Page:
#Lent14 — Let’s Get Creative

As we have done in previous Lent and Advent seasons, we are again blogging our way through the Lenten Lectionary Texts. In this season, our prayer is that we will bless and inspire you in your walk between the Now and Not-Yet of the Kingdom. We pray that our meditations will be life-giving to you in your journey.

A reading from First Samuel.

Now the LORD said to Samuel, “You have mourned long enough for Saul. I have rejected him as king of Israel, so fill your flask with olive oil and go to Bethlehem. Find a man named Jesse who lives there, for I have selected one of his sons to be my king.”But Samuel asked, “How can I do that? If Saul hears about it, he will kill me.”“Take a heifer with you,” the LORD replied, “and say that you have come to make a sacrifice to the LORD. Invite Jesse to the sacrifice, and I will show you which of his sons to anoint for me.”So Samuel did as the LORD instructed. When he arrived at Bethlehem, the elders of the town came trembling to meet him. “What’s wrong?” they asked. “Do you come in peace?”“Yes,” Samuel replied. “I have come to sacrifice to the LORD. Purify yourselves and come with me to the sacrifice.” Then Samuel performed the purification rite for Jesse and his sons and invited them to the sacrifice, too.When they arrived, “Samuel took one look at Eliab and thought, “Surely this is the LORD’s anointed!”In the same way all seven of Jesse’s sons were presented to Samuel. But Samuel said to Jesse, “The LORD has not chosen any of these.” Then Samuel asked, “Are these all the sons you have?”“There is still the youngest,” Jesse replied. “But he’s out int he fields watching the sheep and the goats.”“Send for him at once,” Samuel said. “We will not sit down to eat until he arrives.”So Jesse sent for him. He was dark and handsome, with beautiful eyes.And the LORD said, “This is the one; anoint him.”– 1 Samuel 16:1-6, 10-12 (NLT)

This is the Word of The Lord.

Last week, we introduced you to the 10/40 Window. That swath of the world that sits between 10° and 40° north of the Equator and spans from the east coast of Japan to the west coast of Africa. It’s the part of the world that is home to every major monotheistic religion. 85% of the poorest of the world’s poor live there as well.

It is also home to 47 out of 50 of the nations on the 2014 World Watchlist. These are the nations where the persecution of Christians is the highest. They are also the nations where it is the most difficult to be a missionary. These are countries with no religious VISAs. You can’t go in and say, “Hello, I’m here to be a missionary.”

Yet, God calls us to go to ALL THE WORLD. Even the hard part. Even the dangerous part. Even the part that is controlled by powers hostile to Christianity. God calls us to the WHOLE WORLD.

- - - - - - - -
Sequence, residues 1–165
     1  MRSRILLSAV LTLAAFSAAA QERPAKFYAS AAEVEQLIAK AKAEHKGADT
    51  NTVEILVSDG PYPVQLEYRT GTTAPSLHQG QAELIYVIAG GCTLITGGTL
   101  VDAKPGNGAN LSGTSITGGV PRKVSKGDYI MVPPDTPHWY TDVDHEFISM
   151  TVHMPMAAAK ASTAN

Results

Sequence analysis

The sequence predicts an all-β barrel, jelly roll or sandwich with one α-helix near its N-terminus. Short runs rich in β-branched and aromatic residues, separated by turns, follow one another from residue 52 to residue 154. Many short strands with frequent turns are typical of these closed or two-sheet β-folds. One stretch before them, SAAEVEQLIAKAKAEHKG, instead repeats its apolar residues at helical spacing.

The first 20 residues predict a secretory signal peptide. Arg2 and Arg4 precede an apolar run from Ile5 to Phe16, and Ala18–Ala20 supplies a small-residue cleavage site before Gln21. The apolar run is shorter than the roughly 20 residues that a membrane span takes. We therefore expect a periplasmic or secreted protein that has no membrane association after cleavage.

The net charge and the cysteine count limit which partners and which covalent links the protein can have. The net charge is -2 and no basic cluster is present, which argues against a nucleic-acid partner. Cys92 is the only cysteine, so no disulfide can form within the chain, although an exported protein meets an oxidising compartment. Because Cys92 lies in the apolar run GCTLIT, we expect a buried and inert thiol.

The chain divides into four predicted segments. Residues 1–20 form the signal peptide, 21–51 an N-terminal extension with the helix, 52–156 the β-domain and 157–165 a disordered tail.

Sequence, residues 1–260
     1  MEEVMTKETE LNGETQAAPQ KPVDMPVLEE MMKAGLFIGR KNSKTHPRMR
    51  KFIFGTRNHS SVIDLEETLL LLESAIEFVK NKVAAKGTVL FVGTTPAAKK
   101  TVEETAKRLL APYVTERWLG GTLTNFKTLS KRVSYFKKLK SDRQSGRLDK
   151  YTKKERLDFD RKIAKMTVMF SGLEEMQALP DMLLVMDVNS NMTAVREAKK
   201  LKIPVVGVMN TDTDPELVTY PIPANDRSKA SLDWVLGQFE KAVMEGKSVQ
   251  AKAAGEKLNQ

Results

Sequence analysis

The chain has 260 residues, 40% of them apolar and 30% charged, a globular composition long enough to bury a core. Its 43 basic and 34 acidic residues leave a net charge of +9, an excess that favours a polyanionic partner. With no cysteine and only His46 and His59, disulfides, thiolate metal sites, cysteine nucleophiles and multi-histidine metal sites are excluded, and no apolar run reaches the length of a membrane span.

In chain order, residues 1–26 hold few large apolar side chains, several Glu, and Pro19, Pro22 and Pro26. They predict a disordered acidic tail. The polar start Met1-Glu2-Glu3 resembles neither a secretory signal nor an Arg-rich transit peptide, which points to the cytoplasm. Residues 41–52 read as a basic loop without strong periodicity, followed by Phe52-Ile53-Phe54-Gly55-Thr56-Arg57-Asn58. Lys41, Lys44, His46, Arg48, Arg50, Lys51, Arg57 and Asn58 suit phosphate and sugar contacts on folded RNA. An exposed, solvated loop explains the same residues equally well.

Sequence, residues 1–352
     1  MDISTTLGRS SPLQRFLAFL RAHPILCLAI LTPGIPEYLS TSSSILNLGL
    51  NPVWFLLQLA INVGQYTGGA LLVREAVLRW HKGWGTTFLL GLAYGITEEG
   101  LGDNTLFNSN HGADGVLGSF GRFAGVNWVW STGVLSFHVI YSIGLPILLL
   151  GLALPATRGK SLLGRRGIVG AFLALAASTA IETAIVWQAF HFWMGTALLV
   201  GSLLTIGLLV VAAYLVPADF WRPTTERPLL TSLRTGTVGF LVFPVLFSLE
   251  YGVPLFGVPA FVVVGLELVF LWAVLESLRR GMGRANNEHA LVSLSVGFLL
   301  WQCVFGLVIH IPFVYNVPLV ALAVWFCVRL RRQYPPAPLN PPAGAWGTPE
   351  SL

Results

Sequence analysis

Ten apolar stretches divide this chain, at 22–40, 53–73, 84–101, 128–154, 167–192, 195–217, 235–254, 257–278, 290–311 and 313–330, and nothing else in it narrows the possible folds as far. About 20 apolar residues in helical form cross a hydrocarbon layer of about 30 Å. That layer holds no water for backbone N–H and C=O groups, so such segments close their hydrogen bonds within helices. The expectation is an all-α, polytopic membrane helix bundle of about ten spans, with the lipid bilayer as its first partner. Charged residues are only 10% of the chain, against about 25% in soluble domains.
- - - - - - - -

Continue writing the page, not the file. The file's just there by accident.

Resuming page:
For many years in missions circles these nations were referred to as “closed nations.” Yet, God, in His wisdom and grace, has given those whom He has called to these nations “creative” ways to go. Therefore, we now call these places “creative access nations.”

In our Scripture passage, Samuel is given a pretty frightening call. He’s told to go to a city called Bethlehem and find a new king. This is problematic for Samuel. He’s already anointed a king. His name is Saul and he’s still living and reigning. To go and anoint a new king at this time is tantamount to treason.

Samuel points this out to God.

Notice God’s response. It wasn’t to change the mission. Samuel was still to go and anoint a new king. Rather, God gave Samuel a creative way to go to Bethlehem and accomplish the mission.

Creative access.

God uses this same technique today. Every nation on the planet has specific needs that can be met by God’s people. When God calls a worker to a nation, He will give a means to go. He will give creative dreams, plans, visions, and ideas to get into (and stay in) that particular nation. Some examples of the creative means of going are: tourism, photography, business, teaching English as a second language, and attending university.

Workers in creative access nations don’t merely use these means as “cover” for the real work. These means are the real work. During the course of their work, they encounter people who are hungry to know about Jesus. They live out their lives as Ambassadors of the Kingdom, and in their faithful representation of the Kingdom they bring light into the darkness. They proclaim the beauty of Jesus in the messiness of the world around them.

They proclaim that a new King is coming. Just as Samuel was sent to Bethlehem to proclaim. These workers go to where they aren’t wanted. They go to where danger exists. Yet, the do so because they’ve captured the heart of God for those nations.

For our family, the workers in these nations have captured our hearts and minds. God has called us to come alongside them to bring them life and hope and rest. He has also called us to make the church aware of the work that they do in these nations. He calls us to share with the church what He is doing around the globe—even in those places least reached by the gospel.

Would you consider partnering with us in this call? Here’s a couple of ideas of how you can do so:

Pray for us.